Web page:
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  8. I just want to point out that "You've Got Mail", a movie about meeting on the internet, came out 14 years ago.
    The author might want to get onboard with "current" technology or much like your friend's promotion analogy, they'll find themselves in the workplace without usable skills.

    That said, I'm 35 and I met my fiance on OKCupid. We worked in the same office and never spoke, without internet dating, I'm not sure we'd be together.

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    1. Again, I wish who this anonymous commenter was so I could thank you personally for your really dead-on thoughts. I actually laughed out loud about You've Got Mail. What a great story about you and your fiance too - how amazing!

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  9. Tay, i love this post. I read the article yesterday, felt very discouraged and realized that I was discouraged because I felt like, as a girl, there was nothing I could do to change this "end of courtship" fate. But the more i thought about it, the more it annoyed me. In my last relationship, my boyfriend took me to dinner, drove me home, brought me presents from trips and texted me consistently, all in the name of courtship! We dated for almost three years! Why? Because he actually liked me. Things with that guy i met two weeks ago, that i made out with in a cab, flirted with over text-message and failed to ever see again, didn't work out. Why? Because he actually didn't like me. I don't think courtship is dead, we just need to stop being naive, put less pressure on every interaction with the opposite sex and get out there!

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    1. Whoever you are, you know me enough to call me Tay and I feel like I could figure you out if I tried long enough. Great thoughts & thank you so much for your candid story - it's a great reminder of the reality and the goodness that's out there. Cheers!

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  10. Thanks so much for writing this. I read that article and was honestly concerned. I'm an old fashioned girl, I love getting flowers and letters (yes, via USPS), and when someone is sick you bring a casserole because that's what you do. I think there's definitely been a change in how dating is facilitated, if I hadn't texted my husband first we may never have gotten married, I would hate to think that dating was actually dead.

    Hopefully our generation will see articles like this and teach our children how to ask a girl on a proper date, how to write a thank you note, and how to talk to people on the phone instead of relying solely on Facebook for their social interactions.

    Cheers! Jen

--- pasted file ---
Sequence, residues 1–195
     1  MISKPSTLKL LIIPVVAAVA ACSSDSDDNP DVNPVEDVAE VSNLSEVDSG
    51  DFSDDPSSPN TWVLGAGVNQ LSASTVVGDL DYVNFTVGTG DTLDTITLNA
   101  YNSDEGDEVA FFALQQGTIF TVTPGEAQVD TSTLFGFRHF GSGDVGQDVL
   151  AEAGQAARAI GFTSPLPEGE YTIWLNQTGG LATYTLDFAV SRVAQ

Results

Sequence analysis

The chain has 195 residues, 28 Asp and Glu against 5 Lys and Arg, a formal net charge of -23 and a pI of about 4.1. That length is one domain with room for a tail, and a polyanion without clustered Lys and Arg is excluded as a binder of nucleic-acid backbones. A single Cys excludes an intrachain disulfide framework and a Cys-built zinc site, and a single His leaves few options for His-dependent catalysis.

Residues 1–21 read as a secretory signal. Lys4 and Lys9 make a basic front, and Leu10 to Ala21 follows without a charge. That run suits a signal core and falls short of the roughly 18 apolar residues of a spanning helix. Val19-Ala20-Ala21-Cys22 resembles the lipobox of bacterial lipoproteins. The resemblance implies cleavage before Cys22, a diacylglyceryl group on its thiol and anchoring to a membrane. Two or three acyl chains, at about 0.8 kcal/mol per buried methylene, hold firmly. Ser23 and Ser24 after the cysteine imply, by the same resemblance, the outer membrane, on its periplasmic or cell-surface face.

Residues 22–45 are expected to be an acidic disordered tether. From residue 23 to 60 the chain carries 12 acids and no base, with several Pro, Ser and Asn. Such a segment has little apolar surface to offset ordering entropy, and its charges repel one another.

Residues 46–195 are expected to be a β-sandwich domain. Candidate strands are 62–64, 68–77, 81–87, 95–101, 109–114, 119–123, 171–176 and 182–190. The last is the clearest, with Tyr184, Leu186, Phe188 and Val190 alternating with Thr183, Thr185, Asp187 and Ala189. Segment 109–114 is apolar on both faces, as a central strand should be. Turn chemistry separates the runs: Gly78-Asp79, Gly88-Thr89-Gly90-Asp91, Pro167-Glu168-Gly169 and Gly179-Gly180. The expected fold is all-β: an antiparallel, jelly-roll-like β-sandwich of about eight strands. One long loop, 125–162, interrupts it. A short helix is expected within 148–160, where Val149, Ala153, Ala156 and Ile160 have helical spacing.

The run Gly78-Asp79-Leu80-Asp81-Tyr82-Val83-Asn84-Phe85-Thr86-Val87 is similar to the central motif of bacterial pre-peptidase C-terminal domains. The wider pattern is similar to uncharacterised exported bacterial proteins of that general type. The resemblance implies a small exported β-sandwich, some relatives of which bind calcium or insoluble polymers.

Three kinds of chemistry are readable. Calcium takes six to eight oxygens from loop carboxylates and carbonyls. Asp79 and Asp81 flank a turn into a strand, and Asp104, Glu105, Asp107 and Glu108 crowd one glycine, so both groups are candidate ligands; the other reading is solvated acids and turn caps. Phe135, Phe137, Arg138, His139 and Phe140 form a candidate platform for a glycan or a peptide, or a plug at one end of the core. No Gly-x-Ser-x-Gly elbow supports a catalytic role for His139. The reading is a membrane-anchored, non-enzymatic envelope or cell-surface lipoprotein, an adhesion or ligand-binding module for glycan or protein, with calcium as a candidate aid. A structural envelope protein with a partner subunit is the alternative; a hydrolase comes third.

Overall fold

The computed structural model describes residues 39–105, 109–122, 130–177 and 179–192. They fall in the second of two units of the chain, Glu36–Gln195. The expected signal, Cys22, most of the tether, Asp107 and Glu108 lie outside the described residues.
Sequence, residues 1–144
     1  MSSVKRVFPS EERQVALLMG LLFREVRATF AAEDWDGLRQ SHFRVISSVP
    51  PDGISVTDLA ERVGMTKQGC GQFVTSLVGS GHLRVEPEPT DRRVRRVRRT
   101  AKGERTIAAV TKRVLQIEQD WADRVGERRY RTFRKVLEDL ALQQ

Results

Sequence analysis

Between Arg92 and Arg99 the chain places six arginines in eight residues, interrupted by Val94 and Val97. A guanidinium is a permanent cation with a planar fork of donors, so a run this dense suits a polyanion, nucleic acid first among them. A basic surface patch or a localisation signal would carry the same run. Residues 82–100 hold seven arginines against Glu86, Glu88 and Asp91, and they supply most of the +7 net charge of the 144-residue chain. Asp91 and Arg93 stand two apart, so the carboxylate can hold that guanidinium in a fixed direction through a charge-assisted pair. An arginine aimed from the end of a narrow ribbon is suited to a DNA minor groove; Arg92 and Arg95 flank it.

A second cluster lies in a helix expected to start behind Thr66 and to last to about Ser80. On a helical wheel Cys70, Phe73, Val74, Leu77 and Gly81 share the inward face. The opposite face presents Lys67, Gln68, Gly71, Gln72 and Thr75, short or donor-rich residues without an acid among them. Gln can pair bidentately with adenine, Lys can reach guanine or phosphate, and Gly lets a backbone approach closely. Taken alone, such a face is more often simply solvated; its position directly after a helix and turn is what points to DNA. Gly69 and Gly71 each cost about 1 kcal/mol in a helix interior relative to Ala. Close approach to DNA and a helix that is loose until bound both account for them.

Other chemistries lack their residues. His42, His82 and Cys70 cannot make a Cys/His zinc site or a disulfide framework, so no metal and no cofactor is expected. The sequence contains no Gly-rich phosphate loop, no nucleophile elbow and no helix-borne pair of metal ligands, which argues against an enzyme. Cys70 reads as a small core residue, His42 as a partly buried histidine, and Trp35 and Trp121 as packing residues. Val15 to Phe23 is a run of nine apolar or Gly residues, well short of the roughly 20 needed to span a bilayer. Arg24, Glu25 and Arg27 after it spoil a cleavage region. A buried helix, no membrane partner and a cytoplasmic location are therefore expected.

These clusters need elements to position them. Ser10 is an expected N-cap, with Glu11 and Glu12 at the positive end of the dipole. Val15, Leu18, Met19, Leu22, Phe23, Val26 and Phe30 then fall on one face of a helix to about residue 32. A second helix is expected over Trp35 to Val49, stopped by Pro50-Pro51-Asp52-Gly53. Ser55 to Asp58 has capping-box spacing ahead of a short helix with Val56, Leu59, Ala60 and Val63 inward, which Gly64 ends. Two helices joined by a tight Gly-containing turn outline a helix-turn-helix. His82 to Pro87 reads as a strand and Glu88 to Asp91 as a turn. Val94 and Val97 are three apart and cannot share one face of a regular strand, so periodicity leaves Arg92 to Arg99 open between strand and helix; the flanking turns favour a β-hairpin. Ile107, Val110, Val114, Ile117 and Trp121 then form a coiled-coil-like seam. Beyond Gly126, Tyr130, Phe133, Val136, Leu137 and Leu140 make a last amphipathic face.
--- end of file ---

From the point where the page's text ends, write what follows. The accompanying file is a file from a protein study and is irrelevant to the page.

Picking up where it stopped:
http://www.jkhnelson.com

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  11. Thank you! I never comment, but this needed it. I read that article too, and frankly, it totally pissed me off. Who are these people who are such debbies that they feel the need to blame all men, or just "the times" in general. It is so frustrating. There is nothing wrong with times changing, but honestly I felt like a Victorian spinster wrote this. Not that there is anything wrong with that, but it felt like they were totally out of touch with actual people's feelings, and only trying to figure out how technology fits into this dating world. There are so many people in regular relationships that it is honestly pretty pathetic that they're trying to justify that this is the way it is in our time. And also, say we do bring a potential significant other along to meet friends, since when is having them want you around a bad thing??

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    1. I'm so glad you decided to comment Sophia, I really appreciate it and I think you're so dead-on, which only further solidifies my feelings about how important it was to address this on my *fashion* blog, haha! That old geezer we call the NYT needs a serious dose of youth with a side of smarts. Thanks again!

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  12. I have always loved your blog for its sartorial relevance (and as a boston girl i envy your new york lifestyle). This post is AMAZING, you NEED to do more op -ed type posts like this!!! spot on taylor!

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  13. Here's another millennial saying that indeed dating is NOT dead, only a modern, emoji version of itself. I have been in a relationships since I was 17, skipping straight from one to the next, so I might not be in the know about what the hip, single kids are up to these days, but this 25 year old loves the emoticon texting man that she landed, and the adventurous dates that we have enjoyed over the past 3 years.. here's to many more, and proving our parents wrong!
    xx
    Here&Now

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    1. Jessica you always have the best things to say! No matter if you're single or in a relationship, these evolutions in our culture affect everyone - and I couldnt agree with your sentiments more. xo